With then-senior Annie Luhrsen returning from an NCAA tournament runner-up team, Illinois appeared set at the setter position. There was no reason, Hambly reasoned, not to redshirt Viliunas.
“I was totally OK with redshirting because Kevin said, ‘You’ve got the next four years (as the starter). It’s all you,’ ” she said.
That changed with a four-match skid during the first half of the Big Ten race. The breaking point for Hambly was a lackluster performance in a 3-0 loss Oct. 10 at Michigan — a defeat that dropped Illinois’ record to 8-9 overall and 2-5 in the conference.
After much deliberation with his staff, Hambly decided it was time to put Viliunas in the starting lineup in place of Luhrsen.
“We were at a point where we felt like we had more talent and we weren’t living up to it,” he said. “The team was struggling to fight, at times, and we looked at it as kind of a leadership problem, and maybe it was the setting position so it was the one thing we could change.
“(Viliunas has) got a natural leadership ability. More of a casual leadership ability, and with that young team we felt like maybe that personality would help. And it did.”
For a time, anyway. The Illini responded to the switch, winning their next two matches. And Viliunas was a major reason, recording double-doubles (assists and digs) in her first two collegiate starts.
But the impact wasn’t lasting, and Viliunas at times played like the inexperienced freshman she was. Illinois lost its next two matches, the second to a Wisconsin team that entered with a 3-7 Big Ten record. At that point, with the Illini’s NCAA tournament hopes in jeopardy, Hambly made what he felt was a necessary decision to go back to Luhrsen as starting setter.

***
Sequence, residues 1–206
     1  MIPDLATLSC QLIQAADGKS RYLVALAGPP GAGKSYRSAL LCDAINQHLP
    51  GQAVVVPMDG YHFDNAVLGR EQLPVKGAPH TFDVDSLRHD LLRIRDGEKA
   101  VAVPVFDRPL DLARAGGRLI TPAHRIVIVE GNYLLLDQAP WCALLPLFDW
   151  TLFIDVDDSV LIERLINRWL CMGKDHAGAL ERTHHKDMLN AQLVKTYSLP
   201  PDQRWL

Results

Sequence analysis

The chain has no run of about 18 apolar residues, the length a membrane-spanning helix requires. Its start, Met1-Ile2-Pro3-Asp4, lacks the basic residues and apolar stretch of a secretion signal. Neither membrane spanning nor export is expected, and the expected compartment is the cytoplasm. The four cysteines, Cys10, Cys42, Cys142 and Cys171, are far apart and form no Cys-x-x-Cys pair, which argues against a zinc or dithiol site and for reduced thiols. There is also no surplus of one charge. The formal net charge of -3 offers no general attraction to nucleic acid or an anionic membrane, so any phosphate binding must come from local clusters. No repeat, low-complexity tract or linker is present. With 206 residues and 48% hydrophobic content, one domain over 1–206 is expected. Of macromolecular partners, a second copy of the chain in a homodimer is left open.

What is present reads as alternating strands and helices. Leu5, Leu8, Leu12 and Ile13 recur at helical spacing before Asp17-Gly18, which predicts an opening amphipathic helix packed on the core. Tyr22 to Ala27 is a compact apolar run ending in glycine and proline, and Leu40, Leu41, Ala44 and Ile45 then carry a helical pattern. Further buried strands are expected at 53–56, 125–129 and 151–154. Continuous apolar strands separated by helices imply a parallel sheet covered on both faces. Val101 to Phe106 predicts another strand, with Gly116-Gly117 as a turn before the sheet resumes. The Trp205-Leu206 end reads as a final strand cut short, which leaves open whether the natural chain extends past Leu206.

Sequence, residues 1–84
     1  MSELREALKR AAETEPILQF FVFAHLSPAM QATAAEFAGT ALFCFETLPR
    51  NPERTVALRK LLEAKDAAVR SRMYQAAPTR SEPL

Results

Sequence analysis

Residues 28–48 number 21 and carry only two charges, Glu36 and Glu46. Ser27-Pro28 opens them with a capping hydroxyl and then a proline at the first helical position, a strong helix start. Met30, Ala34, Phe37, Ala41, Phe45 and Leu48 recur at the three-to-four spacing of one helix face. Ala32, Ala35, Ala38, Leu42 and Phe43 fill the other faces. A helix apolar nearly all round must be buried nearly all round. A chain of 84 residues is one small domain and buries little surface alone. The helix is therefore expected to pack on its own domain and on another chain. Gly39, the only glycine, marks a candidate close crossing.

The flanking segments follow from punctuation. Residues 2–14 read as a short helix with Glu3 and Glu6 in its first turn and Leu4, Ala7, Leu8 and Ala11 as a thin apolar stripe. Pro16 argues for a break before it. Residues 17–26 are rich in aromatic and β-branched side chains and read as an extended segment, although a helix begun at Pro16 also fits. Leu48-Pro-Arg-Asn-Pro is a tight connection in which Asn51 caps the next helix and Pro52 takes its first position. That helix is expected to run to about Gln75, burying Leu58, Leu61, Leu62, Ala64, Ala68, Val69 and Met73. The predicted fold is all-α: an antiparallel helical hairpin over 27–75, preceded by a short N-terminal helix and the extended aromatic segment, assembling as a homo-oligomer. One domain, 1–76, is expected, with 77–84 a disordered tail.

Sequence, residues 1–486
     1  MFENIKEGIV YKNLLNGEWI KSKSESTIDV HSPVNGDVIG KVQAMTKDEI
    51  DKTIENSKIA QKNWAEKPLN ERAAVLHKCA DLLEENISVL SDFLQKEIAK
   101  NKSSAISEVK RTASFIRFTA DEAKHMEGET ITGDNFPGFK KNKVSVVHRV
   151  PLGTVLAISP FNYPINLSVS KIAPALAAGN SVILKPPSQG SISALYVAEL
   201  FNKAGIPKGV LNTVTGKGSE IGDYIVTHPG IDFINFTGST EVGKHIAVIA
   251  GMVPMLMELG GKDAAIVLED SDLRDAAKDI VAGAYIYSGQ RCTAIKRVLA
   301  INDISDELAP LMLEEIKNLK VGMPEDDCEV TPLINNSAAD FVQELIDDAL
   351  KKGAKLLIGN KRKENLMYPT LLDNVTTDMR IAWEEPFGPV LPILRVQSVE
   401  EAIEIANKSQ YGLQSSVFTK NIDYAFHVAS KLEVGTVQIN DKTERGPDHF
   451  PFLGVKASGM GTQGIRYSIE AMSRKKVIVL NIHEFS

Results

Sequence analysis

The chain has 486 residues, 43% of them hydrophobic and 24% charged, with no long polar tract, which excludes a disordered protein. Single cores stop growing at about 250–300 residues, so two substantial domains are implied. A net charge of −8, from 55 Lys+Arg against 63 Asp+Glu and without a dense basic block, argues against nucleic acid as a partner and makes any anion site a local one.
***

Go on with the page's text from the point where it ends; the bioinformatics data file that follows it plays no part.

“(Viliunas’) personality fit the group, and it still fits the group,” Hambly now says. “It’s just that (her) inexperience over time showed up, and she wasn’t really equipped to do it. ... The ability to do it consistently over time is something that comes with a lot of reps, and she was lacking that.”
Hambly says he suspects Viliunas was “really upset” about being demoted after four matches and wouldn’t blame her if she was.
For her part, Viliunas is measured in her comments about the situation and, in retrospect, says she understands why Hambly returned Luhrsen to the lineup.
“I would just say overall it was a tough experience for me,” Viliunas said. “I wasn’t used to not playing because I’ve played my whole life. I think me being so inexperienced was not the best for the team, especially with all the other inexperience we had with the other freshmen that were playing. Annie was setting really well in practice, too. She definitely worked hard to get herself back in the starting lineup.”
One season later, there is no question who is running the offense. The backup setter, McKenna Kelsay, is a freshman. So is emergency setter Michelle Strizak, an outside hitter. No current Illini other than Viliunas ever has set in a college match.
For that reason, among others, it’s important that she stay injury-free. Unlike last season, a UI lineup without Viliunas is not a viable option. In Hambly’s view, his sophomore setter is ready for the challenge this time.
“I would say right now she’s physically, mentally and emotionally prepared for the first time to really be able to manage a college season,” he said. “Just being out there (last season) for some really big matches, she understands how hard you have to work and how hard it is to be out there. She’s matured.”
And, as more volleyball fans become acquainted with the Illini’s current starting setter, it’s possible they’ll learn to master the pronunciation of her last name.
If not, Viliunas says, just call her Lex.
“Especially with my (given) name being Alexis, people can screw it up by calling me Alex or Alexa or stuff like that,” she said. “Now, I’m just introducing myself as Lex.”